The moment a shark is taken out of the water, he begins to suffocate. The process would be painful, unbearable and terrifying.
Yet a restaurant called Playa Tiburon, located on an island off the coast of Cancun, Mexico, does exactly this — it allows tourists to lift nurse sharks out of the water and pose with them for photos.
"My new pet shark," a tourist wrote next to her Instagram photo, in which she grins as she holds a shark high out of the water.
"Here with the shark — haha," another person wrote next to his Instagram shot.
While these shark encounters might look like fun, George Burgess, program director at the Florida Program for Shark Research, believes this kind of activity would be detrimental to the animals.
"Sharks are aquatic animals — they're not made to be out of the water, anymore than we're made to be living under the water," Burgess told The Dodo. "Taking them out of their natural habitat is not good for them. They have to breathe through the inhalation of water into their gills, so if you take them out of the water, you're starting the process of suffocation."
Heather Rally, a wildlife veterinarian with the PETA Foundation, tends to agree.
"Sharks cannot breathe out of the water and, on top of that, their blood doesn't carry oxygen that well," Rally told The Dodo. "So that means they could easily suffocate if they're removed from the water for any period of time, especially if it's repeatedly. They actually have muscles that run water over their gills all the time, and that's how they extract oxygen from the water. So they can't actually physically do that from the air."
But it's not just suffocation that these sharks would be subjected to. Their bodies could also be injured when lifted out of the water, according to Rally.
"Their organs, their musculature, their skin — everything is susceptible to damage under the force of gravity, and with manipulation from human hands, especially untrained hands like members of the public who are manipulating them for photo ops," Rally said.
The Dodo could not reach Playa Tiburon for comment. But a recent petition claims that "many tour boats and catamarans take hundreds of tourists to this famous dock daily" to swim with the sharks. It also notes that the tourists can swim inside the sea pen with the sharks for free, but have to pay $20 for a photograph.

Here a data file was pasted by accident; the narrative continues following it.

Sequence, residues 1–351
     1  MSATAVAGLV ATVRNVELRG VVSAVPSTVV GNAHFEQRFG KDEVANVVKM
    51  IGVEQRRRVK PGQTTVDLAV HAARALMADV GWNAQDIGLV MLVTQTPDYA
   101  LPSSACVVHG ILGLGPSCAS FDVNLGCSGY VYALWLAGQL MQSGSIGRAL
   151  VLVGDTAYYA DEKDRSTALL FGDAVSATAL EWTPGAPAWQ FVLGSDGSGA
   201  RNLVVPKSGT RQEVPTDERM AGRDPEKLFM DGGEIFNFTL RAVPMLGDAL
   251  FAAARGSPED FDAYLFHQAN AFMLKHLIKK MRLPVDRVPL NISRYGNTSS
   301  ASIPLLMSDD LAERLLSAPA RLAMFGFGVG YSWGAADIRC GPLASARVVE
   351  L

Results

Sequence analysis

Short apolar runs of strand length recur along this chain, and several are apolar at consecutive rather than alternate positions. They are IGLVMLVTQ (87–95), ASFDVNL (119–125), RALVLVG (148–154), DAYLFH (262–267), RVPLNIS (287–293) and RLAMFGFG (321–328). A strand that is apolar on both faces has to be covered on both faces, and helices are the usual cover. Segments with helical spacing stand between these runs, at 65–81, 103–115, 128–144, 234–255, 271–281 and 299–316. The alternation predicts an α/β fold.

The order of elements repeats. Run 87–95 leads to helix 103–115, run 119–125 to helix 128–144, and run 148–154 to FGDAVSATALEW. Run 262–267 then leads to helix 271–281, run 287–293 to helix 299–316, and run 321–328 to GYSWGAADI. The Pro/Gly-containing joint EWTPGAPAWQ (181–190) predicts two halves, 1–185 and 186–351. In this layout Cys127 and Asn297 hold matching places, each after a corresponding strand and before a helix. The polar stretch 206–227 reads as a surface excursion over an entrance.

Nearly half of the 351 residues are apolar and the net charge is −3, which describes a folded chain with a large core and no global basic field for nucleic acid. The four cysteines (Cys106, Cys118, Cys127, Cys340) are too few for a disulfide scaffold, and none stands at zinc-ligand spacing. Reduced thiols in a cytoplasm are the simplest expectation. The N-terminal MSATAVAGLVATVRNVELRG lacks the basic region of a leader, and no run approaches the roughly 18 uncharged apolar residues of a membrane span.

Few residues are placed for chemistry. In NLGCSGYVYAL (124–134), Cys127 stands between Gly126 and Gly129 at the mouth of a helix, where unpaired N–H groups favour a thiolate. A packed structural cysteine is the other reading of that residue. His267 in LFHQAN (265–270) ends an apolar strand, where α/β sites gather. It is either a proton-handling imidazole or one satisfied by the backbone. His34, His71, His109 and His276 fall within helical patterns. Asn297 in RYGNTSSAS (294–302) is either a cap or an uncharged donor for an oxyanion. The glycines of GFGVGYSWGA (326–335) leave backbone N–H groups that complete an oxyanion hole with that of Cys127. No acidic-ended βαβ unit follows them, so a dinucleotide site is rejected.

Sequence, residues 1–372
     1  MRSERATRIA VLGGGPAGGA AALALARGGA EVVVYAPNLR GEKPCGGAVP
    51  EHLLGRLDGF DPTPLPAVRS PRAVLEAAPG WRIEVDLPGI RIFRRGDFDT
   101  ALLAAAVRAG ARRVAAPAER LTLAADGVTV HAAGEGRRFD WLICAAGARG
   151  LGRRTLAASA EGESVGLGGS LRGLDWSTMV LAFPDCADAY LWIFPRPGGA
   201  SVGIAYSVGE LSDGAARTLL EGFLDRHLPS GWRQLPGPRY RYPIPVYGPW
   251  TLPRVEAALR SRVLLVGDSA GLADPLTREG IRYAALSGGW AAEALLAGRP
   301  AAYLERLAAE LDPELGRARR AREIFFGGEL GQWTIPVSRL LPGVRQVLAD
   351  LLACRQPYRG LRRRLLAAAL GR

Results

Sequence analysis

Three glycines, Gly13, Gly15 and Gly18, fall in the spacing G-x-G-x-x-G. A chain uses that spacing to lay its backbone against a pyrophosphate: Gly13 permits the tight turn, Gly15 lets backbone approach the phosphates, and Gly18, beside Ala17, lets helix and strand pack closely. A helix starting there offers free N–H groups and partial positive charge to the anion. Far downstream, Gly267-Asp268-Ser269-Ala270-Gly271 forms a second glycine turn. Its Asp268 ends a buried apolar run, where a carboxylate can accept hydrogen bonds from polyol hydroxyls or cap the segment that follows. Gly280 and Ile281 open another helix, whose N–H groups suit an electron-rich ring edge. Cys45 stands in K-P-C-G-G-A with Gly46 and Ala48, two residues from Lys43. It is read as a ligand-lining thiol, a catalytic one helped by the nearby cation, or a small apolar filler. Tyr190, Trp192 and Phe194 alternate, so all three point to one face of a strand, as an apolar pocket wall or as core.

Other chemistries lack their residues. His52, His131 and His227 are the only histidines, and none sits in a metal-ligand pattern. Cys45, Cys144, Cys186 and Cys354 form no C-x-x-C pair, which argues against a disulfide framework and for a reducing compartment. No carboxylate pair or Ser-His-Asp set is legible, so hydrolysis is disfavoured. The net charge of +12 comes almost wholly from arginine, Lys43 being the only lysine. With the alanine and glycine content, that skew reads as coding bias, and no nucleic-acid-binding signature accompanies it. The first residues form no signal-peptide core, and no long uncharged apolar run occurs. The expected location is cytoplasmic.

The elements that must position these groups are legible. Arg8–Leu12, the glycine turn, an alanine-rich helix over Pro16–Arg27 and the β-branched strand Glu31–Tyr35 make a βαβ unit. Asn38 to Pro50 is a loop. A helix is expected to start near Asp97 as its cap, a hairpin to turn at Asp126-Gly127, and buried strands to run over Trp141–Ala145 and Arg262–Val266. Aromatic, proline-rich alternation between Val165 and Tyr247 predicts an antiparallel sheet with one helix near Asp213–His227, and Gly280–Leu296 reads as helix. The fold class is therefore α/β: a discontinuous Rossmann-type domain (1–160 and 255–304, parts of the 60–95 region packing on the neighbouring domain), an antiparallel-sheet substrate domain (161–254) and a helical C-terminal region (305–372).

Living in a small sea pen would be stressful enough — but encountering multiple people each day would make it even worsel, Rally explained.
"Sharks have highly specialized sensory systems that allow them to detect tiny vibrations in the water, electrical impulses and even odors from quite a great distance away," Rally said. "These sensory systems aren't just on their noses and their heads — they're all along the shark's entire body. So you can imagine how that would be a great advantage to a shark out in the ocean, but a disadvantage in a tank, especially when being manipulated and chased by tourists."
"Swimming with tourists, being removed from the water for photo ops, would be a literal nightmare for these sharks," Rally added.
While nurse sharks are docile, gentle creatures, Burgess also worries that, sooner or later, they might get agitated enough to bite someone. In the photographs, it appears a "keeper" has the job of holding the shark's head, perhaps to prevent injury. But Burgess doesn't think this is good enough.
"Although it is a very docile animal, it has its limits," Burgess said. "If it gets pissed off enough to bite you, it is very bulldog-like, and won't let go … and then there will be a big headline about a shark attack in Cancun."
The best solution for the sharks is for them to be released, according to Rally.
"This restaurant needs to end their shark exploitation program and release these innocent animals back into the ocean where they will be free from harassment and contribute, as they naturally do, to the conservation of their ocean ecosystem," Rally said.
To help get these sharks back into the open ocean where they belong, you can sign this petition.